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  1. 1. Anglo-Saxon Literature 449BC-1066AD
  2. 2. Culture Angles and Saxons populated the south and east of Britain around 400bc as the Roman Empire fell apart The culture diminished into tribal reign of small, warring clans as the Romans died or departed Dawn of the Dark Ages
  3. 3. Post-Roman Culture
  4. 4. Culture: Medieval Clansmen would lay allegiance to their Lord or King (a.k.a. ring-giver) Lord or King was the ultimate provider, and demanded their lives in return The ultimate exile was to outlive one’s clan or king. Disaster!!!!!
  5. 5. LanguageOld English (OE) was derived from anoral tradition with many dialectsbeginning of ‘law of recessive accents’where we began to put stress on thefirst syllable of most wordsended with the Norse Invasion in 1066
  6. 6. Extinction of OE The Norman Conquest in 1066 brought invaders from the North Middle English was created through the “Great Vowel Shift”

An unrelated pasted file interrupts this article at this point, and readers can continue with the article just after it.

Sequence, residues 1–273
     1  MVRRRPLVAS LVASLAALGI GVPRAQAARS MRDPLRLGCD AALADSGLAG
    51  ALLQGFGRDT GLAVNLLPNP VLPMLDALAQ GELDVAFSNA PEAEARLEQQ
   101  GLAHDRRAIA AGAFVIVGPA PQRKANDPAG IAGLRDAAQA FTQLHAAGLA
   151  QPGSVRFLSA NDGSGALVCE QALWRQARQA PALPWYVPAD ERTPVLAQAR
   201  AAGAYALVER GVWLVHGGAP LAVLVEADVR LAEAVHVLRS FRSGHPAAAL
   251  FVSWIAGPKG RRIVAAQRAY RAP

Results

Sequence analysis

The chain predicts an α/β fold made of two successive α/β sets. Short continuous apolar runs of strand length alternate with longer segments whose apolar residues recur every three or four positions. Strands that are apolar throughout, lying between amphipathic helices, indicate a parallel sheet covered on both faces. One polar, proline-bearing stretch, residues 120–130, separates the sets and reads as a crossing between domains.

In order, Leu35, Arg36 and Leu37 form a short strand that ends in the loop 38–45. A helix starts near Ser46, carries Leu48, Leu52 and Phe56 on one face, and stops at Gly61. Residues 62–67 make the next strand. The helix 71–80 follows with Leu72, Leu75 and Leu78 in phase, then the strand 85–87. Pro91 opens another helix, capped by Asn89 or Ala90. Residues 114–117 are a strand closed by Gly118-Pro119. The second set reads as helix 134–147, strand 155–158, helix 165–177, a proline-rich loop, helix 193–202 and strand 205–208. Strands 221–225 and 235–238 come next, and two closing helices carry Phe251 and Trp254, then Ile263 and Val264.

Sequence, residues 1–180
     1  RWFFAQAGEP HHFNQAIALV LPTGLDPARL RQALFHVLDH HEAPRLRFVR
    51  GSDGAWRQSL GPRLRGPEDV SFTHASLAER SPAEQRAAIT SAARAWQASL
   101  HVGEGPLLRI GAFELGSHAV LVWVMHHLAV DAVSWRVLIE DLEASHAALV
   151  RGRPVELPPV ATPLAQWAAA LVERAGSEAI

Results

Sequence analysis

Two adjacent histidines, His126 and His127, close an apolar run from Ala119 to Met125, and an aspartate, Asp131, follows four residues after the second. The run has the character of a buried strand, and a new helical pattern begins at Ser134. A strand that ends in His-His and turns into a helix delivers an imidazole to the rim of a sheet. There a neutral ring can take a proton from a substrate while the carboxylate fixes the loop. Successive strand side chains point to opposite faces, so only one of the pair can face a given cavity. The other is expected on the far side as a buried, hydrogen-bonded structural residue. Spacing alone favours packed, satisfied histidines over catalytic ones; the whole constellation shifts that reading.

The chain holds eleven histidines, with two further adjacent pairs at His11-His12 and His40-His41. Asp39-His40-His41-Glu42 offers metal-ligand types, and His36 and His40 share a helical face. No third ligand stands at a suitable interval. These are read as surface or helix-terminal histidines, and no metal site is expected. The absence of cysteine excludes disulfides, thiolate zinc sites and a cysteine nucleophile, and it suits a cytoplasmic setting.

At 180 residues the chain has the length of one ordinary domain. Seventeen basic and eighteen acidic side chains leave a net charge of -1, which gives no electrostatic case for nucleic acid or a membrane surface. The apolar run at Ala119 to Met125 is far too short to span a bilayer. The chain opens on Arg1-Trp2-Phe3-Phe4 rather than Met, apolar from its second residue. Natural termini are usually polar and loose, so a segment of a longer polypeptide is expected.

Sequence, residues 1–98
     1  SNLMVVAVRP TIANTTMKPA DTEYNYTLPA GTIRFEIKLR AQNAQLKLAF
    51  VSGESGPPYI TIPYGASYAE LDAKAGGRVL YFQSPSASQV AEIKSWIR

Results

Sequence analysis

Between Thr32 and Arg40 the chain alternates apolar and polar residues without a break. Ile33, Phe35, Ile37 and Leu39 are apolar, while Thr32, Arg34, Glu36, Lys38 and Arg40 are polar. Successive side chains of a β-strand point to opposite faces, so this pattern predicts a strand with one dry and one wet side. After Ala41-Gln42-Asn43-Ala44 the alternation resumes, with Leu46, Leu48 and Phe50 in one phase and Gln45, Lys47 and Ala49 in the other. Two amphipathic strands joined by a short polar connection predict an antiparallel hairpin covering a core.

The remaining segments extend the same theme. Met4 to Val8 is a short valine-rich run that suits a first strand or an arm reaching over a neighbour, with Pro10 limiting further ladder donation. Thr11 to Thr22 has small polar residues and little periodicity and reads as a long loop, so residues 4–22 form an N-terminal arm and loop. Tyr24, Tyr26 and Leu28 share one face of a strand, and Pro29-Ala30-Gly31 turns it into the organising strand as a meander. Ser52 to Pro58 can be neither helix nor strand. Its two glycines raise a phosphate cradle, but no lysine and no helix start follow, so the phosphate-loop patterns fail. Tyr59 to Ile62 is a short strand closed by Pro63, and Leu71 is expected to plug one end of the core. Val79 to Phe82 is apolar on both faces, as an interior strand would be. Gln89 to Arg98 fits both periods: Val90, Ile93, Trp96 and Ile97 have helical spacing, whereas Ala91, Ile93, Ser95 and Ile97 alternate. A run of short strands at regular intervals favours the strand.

7. 7. Classifications Elegaic: solemn expression of a central idea (Seafarer) Heroic: celebrates the achievements of a central figure (Beowulf) Riddles: short puzzles (Exeter)
  8. 8. Literary Terms Appositives: nouns renaming nouns Litotes: an expression where an affirmative is expressed through the negation of its opposite (not easily did I come through it with my life)
  9. 9. Literary Terms alliteration: repetition of the first sound in a word caesura: a pause so that the scop can catch a drink or a breath kenning: a two word metaphor (swan’s road or whale’s way)
  10. 10. Literary Terms Epic: a poem that celebrates the heroic deeds of an individual Oral Tradition: means of publication for illiterate medieval masses. Scop: Individual who recounts oral history or entertainment
  11. 11. The Epic HeroNoble birthrequires divine assistancegreat warrioruses distinctive weaponsengages in a perilous journeyfights injustice
  12. 12. Medieval ConceptsUbi Sunt: Where have my good times/people/loved ones gone?Comitatus: a promise made to one’s lordto defend them to deathWyrd: the concept of fate
  13. 13. Sources